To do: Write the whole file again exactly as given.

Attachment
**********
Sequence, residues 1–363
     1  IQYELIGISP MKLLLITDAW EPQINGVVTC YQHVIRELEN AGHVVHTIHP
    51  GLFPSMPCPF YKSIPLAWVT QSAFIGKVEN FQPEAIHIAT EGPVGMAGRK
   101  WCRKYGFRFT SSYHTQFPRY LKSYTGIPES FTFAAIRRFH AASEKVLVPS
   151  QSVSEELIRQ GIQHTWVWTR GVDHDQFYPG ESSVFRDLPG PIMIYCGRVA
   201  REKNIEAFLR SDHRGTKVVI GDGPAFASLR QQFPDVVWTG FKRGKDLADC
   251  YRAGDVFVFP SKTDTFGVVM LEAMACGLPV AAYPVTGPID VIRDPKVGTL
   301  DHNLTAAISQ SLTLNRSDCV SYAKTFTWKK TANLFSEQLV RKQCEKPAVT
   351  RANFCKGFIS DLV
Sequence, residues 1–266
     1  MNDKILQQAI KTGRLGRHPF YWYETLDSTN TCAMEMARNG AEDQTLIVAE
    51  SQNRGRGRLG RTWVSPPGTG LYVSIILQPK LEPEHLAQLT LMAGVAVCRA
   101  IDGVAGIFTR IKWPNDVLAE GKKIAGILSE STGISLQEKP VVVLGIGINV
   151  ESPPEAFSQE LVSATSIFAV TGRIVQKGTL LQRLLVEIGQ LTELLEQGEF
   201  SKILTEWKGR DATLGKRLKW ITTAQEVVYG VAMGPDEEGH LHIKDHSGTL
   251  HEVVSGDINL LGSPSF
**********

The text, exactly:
Sequence, residues 1–363
     1  IQYELIGISP MKLLLITDAW EPQINGVVTC YQHVIRELEN AGHVVHTIHP
    51  GLFPSMPCPF YKSIPLAWVT QSAFIGKVEN FQPEAIHIAT EGPVGMAGRK
   101  WCRKYGFRFT SSYHTQFPRY LKSYTGIPES FTFAAIRRFH AASEKVLVPS
   151  QSVSEELIRQ GIQHTWVWTR GVDHDQFYPG ESSVFRDLPG PIMIYCGRVA
   201  REKNIEAFLR SDHRGTKVVI GDGPAFASLR QQFPDVVWTG FKRGKDLADC
   251  YRAGDVFVFP SKTDTFGVVM LEAMACGLPV AAYPVTGPID VIRDPKVGTL
   301  DHNLTAAISQ SLTLNRSDCV SYAKTFTWKK TANLFSEQLV RKQCEKPAVT
   351  RANFCKGFIS DLV
Sequence, residues 1–266
     1  MNDKILQQAI KTGRLGRHPF YWYETLDSTN TCAMEMARNG AEDQTLIVAE
    51  SQNRGRGRLG RTWVSPPGTG LYVSIILQPK LEPEHLAQLT LMAGVAVCRA
   101  IDGVAGIFTR IKWPNDVLAE GKKIAGILSE STGISLQEKP VVVLGIGINV
   151  ESPPEAFSQE LVSATSIFAV TGRIVQKGTL LQRLLVEIGQ LTELLEQGEF
   201  SKILTEWKGR DATLGKRLKW ITTAQEVVYG VAMGPDEEGH LHIKDHSGTL
   251  HEVVSGDINL LGSPSF